Height: 3 1/4 inches, 8.3 cm (without stopper)

Jade ‘pebble’ snuff bottle

China, Qing dynasty, 1750-1820

A jade ‘pebble’ snuff bottle of natural oval form, the interior well hollowed and the mouth slightly flattened.The stone is of even white tone with rich caramel-brown ‘skin’ on the narrow sides of the bottle. The stained stopper is carved in the form of a leafy stalk.

Snuff bottles of pebble material, also known as riverbed-jade, were highly desirable among connoisseurs, literati and the imperial court, even after other sources for jade became available. The natural variations of the skin were used by the carver as integral part of the design, thus conferring the tactility of the natural pebble to the snuff bottle.[1] Two similar jade pebble snuff bottles are illustrated in Jade of the East.[2]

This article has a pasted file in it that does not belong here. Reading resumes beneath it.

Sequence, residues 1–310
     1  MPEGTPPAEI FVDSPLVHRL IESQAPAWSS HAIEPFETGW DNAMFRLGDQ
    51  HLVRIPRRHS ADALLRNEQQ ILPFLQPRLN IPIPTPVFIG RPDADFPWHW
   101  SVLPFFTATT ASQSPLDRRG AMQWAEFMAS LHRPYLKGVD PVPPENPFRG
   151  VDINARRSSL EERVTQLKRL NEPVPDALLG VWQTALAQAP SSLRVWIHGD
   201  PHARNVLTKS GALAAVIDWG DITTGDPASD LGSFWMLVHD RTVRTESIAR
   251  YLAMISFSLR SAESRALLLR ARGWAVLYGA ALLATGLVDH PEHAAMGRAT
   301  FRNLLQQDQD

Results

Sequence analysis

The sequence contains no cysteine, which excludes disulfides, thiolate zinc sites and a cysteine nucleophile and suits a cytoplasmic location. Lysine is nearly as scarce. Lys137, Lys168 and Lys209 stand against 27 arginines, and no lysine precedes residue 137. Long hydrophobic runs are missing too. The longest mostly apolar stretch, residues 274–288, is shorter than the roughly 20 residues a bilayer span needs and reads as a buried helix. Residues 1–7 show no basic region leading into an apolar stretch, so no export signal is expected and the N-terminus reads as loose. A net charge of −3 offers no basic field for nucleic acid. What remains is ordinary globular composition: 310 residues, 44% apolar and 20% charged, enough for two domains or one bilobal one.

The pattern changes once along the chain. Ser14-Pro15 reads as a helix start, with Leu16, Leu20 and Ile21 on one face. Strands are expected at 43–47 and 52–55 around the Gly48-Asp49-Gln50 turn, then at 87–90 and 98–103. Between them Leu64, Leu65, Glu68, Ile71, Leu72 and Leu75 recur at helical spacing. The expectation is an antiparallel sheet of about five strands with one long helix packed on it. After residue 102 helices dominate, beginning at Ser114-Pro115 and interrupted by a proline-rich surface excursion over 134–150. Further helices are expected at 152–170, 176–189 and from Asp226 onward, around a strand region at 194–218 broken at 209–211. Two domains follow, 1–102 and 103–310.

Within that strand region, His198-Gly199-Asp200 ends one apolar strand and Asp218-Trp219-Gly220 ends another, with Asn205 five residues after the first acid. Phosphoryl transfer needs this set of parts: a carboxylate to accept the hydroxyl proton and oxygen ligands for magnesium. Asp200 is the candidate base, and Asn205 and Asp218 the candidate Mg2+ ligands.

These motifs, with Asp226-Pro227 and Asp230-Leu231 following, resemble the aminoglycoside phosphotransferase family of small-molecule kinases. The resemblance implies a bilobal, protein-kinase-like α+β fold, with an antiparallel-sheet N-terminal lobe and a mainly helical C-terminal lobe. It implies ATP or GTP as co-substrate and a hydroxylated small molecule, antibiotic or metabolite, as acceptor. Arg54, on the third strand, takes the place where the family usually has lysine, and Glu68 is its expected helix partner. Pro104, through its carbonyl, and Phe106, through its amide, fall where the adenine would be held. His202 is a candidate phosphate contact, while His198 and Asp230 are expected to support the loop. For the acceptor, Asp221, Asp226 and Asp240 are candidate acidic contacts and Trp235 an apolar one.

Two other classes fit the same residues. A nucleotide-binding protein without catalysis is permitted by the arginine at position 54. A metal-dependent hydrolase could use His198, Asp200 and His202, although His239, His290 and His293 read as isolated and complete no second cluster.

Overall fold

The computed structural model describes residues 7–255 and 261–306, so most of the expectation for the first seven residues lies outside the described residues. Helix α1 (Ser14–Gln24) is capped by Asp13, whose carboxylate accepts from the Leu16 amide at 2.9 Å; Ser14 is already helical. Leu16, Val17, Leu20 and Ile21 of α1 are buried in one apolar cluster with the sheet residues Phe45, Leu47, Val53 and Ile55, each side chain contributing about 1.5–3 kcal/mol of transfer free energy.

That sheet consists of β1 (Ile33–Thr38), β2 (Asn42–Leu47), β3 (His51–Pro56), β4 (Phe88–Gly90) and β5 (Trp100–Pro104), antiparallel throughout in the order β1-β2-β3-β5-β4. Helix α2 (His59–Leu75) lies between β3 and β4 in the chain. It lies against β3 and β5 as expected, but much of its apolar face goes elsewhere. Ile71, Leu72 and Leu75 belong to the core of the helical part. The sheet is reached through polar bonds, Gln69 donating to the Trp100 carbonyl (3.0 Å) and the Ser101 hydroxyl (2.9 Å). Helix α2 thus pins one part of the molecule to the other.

Formerly in the V.W.S. Collection, acquired in China in the 1930s

  1. Moss, H. et al. A Treasury of Chinese Snuff Bottles: The Mary and George Bloch Collection, vol. 1 ‘Jade’, Hong Kong 1995, pp 41-15; Wills, G., Jade of the East, p. 92
  2. Wills, G., Jade of the East, New York 1972, pl. 96, p. 119